At base, sovereignty is a nation's power to self-govern, to determine its own way of life, and to live that life—to whatever extent possible—free from interference. This is no different for tribal sovereignty, which by and large shares the attributes and characteristics of sovereignty as contextualized above. Native nations are culturally distinct peoples with recognizable governments and, in most cases, recognizable and defined territories. The sovereignty of Native nations is inherent and ancient. For Native nations within the boundaries of the United States, the underscoring of the inherent nature of sovereignty is critical because of the colonial process—a process that continues to dramatically diminish our ability to fully exercise tribal sovereignty. As David Wilkins (Lumbee) and K. Tsianina Lomawaima (Creek/Cherokee) have argued, "Tribes existed before the United States of America, so theirs is a more mature sovereignty, predating the Constitution; in that sense, tribal sovereignty exists 'outside' the Constitution."15 Kidwell and Velie agree that sovereignty "is held to be an inherent right" but emphasize that "its political effect depends upon its recognition by other sovereigns."16 Inherency and recognition are characteristics of sovereignty for all nations; however, the recognition and respect necessary to exercise sovereignty fully has not been consistently accorded Native nations by other sovereigns, particularly the United States. In fact, "[f]rom 1775 to the present, federal and state intentions toward tribes have changed direction in various ways. One could argue that indeterminacy or inconsistency is the hallmark of the tribal federal relationship."17 Because of this inconsistency, Native nations must constantly endeavor to exercise their sovereignty "under negotiation with states, in federal courts, and with the Congress of the United States."18 That dynamic is virtually inescapable for tribal peoples on one level or another. The recognition and exercise of tribal sovereignty is complicated by the power imbalance between the United States and Native nations. The American nation-state is so powerful, so hegemonic, that its cloak of sovereignty becomes almost invisible. The United States is so used to looking through the lens of its own powerful sovereignty—and, importantly, to having that image reflected back to it by other nations—that the United States, including its citizens, too often cannot recognize that what is looked through is merely a lens. Too often, the United States falls into the trap of mistaking that lens for its eye. As Alfred has pointed out, "the Western view of power and human relationships is so thoroughly entrenched that it appears valid, objective, and natural."19 In other words, United States sovereignty has become normalized to such an extent that it rarely questions or is even conscious of any limit to its own sovereign power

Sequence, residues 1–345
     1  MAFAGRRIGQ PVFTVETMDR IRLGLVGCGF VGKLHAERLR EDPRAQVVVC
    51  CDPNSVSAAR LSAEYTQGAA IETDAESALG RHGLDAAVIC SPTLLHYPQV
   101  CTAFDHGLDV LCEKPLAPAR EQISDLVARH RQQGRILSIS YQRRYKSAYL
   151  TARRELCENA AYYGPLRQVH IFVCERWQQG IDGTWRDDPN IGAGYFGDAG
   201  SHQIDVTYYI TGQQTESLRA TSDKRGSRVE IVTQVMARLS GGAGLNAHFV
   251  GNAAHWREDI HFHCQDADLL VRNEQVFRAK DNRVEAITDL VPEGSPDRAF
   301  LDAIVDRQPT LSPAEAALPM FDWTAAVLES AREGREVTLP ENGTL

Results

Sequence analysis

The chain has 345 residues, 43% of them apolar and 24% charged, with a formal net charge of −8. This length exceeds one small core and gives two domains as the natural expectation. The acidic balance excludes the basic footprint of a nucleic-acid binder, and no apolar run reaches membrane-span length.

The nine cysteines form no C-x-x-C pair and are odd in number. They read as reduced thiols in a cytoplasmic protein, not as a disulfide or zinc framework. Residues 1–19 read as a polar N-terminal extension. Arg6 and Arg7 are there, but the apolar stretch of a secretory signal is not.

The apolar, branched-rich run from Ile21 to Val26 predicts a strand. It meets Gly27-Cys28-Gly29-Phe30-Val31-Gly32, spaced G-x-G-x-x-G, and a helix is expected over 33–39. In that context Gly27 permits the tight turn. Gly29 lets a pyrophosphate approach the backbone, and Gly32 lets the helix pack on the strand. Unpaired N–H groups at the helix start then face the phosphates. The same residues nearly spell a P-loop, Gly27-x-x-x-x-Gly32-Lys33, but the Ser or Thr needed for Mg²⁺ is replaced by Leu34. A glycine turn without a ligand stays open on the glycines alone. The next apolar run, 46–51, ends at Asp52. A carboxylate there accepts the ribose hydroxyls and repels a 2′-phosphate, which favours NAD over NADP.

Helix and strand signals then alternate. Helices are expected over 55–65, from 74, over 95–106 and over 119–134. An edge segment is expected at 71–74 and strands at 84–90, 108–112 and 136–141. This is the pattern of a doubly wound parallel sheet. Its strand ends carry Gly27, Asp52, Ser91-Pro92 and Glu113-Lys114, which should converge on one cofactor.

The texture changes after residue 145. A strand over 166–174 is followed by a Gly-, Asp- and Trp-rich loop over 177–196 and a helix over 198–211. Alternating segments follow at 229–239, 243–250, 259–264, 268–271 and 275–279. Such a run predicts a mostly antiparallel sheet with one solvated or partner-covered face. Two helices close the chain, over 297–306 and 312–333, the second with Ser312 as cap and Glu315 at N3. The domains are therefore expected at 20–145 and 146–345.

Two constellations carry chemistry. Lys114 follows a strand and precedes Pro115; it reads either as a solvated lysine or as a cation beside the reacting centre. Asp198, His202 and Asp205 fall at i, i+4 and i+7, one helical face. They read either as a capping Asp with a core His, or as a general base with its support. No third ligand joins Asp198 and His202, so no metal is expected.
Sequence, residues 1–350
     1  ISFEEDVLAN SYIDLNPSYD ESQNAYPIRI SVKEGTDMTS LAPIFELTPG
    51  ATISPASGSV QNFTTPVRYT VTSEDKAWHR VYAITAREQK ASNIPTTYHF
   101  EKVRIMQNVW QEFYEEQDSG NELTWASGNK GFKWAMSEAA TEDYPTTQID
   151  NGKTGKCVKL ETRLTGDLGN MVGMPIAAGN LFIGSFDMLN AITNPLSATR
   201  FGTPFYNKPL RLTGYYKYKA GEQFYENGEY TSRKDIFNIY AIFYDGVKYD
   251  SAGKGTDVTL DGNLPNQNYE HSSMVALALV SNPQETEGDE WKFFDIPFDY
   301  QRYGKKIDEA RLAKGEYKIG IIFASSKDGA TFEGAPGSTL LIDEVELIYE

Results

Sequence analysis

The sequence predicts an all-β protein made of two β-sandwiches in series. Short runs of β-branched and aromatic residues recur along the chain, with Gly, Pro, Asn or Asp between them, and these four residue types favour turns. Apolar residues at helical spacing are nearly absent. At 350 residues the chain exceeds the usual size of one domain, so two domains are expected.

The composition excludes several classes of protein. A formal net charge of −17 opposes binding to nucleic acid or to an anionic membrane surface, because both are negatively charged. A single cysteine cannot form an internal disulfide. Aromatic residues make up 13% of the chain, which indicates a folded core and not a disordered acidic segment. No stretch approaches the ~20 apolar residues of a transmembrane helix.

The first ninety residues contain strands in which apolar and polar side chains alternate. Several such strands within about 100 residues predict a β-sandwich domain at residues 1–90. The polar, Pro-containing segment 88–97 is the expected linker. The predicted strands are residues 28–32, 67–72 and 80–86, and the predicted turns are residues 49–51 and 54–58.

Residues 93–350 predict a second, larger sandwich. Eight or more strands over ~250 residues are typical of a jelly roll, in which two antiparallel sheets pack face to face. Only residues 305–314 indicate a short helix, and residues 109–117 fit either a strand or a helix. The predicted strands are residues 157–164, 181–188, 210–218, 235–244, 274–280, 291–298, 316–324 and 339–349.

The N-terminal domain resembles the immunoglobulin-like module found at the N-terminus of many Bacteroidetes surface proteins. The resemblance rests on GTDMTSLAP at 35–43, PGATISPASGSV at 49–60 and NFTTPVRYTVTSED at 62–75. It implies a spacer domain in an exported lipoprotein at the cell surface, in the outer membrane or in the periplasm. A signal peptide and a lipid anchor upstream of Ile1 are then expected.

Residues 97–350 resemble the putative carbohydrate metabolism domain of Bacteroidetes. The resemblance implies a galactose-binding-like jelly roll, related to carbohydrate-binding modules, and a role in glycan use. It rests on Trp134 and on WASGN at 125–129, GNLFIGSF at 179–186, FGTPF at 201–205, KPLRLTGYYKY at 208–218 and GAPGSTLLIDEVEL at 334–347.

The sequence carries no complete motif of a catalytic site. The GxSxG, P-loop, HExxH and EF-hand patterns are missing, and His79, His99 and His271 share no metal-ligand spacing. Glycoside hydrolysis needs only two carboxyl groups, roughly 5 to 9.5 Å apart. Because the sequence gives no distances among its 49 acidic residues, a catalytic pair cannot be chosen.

3. Perm sever the reps – all the aff is saying is that we probably shouldn’t be assaulting natives.